Plasma depollution

Plasma depollution: would it be a solution for the future? (inspired by The Research, February 1999)

Keywords: treatment, exhaust gases, pollution, plasmas, catalyst.

Gaseous emissions from diesel engines are more and more severely limited by European standards. To achieve compliance, new technologies are developed.

For trucks, there are very efficient catalysts, such as those in which ammonia, coming from hydrolyzed urea, acts as a reducing agent. But they must operate at high temperatures, usually above 200 ° C. However, these temperatures are not reached by the exhaust gases of passenger cars when starting up or during urban journeys.


This catalyst developed by Siemens consists of electrodes between which a plasma is created. It measures approximately 20 cm long and 6 cm in diameter. (Siemens photo, II / 98).

Unless you resort to additional heating of the gases, which would be energetically very expensive, the solution passes through another purification route. To do this, the Siemens Group, in collaboration with the German Ministry of Research, has developed a plasma phase catalysis process.

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Reduction of nitrogen oxides in exhaust gases at 220 ° C of a diesel engine through dielectric and plasma discharges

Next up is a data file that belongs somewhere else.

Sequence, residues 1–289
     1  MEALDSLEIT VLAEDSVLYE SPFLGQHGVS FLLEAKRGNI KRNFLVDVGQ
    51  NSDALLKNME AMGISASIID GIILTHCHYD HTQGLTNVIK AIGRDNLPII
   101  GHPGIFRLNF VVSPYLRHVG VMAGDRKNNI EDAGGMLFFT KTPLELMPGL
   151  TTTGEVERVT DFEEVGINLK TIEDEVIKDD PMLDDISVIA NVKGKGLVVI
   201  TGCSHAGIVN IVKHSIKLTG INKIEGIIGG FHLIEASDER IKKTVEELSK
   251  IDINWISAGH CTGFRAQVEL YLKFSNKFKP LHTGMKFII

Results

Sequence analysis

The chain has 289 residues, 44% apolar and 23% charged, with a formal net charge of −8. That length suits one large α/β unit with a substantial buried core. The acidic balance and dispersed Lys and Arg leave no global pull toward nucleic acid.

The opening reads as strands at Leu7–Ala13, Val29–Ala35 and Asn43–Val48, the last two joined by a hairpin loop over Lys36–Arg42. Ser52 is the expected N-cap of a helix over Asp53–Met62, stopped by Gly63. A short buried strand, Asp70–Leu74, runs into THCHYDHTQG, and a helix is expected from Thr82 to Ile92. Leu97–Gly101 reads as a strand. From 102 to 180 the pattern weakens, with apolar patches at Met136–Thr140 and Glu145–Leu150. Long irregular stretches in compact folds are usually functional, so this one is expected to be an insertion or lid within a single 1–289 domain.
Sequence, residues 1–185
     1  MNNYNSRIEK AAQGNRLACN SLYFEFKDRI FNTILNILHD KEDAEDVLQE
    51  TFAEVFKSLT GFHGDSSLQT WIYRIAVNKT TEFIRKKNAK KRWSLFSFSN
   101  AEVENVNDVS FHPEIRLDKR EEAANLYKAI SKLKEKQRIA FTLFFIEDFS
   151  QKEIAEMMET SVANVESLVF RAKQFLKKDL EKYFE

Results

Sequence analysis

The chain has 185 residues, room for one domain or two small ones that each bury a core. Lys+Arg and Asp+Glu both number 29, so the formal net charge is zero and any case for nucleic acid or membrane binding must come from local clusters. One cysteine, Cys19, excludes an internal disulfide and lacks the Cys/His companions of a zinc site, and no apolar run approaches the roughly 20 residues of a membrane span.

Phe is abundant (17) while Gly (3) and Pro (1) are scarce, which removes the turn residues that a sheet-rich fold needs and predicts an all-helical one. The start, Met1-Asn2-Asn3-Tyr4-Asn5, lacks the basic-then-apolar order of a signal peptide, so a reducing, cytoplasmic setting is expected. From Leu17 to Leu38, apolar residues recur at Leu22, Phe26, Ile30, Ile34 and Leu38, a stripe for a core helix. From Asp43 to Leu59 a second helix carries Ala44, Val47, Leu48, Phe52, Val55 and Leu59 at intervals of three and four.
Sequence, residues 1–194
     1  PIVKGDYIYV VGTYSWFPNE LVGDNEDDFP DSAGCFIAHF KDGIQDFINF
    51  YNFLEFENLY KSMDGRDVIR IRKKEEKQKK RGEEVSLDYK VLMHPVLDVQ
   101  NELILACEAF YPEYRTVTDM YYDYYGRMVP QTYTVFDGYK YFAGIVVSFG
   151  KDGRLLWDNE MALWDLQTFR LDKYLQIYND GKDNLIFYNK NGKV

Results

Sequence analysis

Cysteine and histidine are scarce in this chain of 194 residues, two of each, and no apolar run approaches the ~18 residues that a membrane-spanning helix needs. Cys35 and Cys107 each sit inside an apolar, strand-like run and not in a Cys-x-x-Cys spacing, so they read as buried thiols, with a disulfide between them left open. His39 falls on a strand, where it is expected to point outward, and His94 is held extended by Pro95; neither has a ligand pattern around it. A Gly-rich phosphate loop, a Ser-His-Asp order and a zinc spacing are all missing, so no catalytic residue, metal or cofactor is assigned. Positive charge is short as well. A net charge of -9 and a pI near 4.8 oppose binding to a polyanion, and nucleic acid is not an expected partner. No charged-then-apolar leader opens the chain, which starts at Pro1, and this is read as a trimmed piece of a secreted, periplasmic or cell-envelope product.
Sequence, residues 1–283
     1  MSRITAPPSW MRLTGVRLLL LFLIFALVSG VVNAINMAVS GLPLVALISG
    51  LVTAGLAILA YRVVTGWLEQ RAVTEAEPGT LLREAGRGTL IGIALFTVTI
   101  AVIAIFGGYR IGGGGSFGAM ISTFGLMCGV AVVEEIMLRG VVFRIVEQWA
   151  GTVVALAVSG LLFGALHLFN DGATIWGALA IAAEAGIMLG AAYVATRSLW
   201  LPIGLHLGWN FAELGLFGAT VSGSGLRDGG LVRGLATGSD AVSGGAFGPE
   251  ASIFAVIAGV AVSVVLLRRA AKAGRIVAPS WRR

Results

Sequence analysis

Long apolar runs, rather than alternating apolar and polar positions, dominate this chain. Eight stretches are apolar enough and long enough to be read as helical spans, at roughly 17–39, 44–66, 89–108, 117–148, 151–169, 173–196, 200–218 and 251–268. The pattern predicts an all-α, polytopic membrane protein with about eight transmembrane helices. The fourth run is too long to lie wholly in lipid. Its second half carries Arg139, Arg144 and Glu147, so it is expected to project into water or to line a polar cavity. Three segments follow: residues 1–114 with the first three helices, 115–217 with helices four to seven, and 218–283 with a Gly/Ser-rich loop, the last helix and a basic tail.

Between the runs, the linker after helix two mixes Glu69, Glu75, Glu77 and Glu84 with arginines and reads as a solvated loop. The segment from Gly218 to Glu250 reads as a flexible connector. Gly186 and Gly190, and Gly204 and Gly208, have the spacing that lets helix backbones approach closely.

The principle is to bring the exhaust gases into contact with a plasma whose high energy electrons will initiate, on the one hand, the oxidation of carbon compounds into carbon dioxide and water and, on the other hand, the reduction of nitrogen oxides to nitrogen. Plasma is obtained only by causing a brief electrical discharge (a few nanoseconds) within the gas. But the efficiency of this process decreases considerably when the water and oxygen content becomes high, the reduction of nitrogen oxides then being very disadvantaged.


Reduction of NOx according to the technology used.

To remedy this problem, the researchers placed this system in series with a conventional catalyst of the type of those mentioned above. They observed that, thanks to this association, it operated at temperatures below 200 ° C. For example, the reduction in oxide emissions is estimated at 60% if the temperature is only 100 ° C. The quantity of urea to be hydrolyzed is also much less under these conditions. The first tests are carried out at the University of Erlangen. The time needed to develop prototypes, and develop a high-performance power supply to ensure the discharge is estimated at six or seven years. To learn more about this technology, visit the Siemens website

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Research still in progress

Despite the date of this article, 1999, research is still ongoing, including CNRS here is a summary document: Decontamination of gaseous effluents by Plasma (CNRS and GREMI)

The French manufacturers Renault and PSA have recently co-filed a patent entitled: Non-thermal plasma reactor and motor vehicle exhaust line comprising this reactor

Summary documents:

- Original article by Siemens (German)
- Depollution of gaseous effluents by Plasma (by GREMI, University of Orléans and CNRS)
- PSA-Renault patent (member-only download)
- Visit the GREMI website

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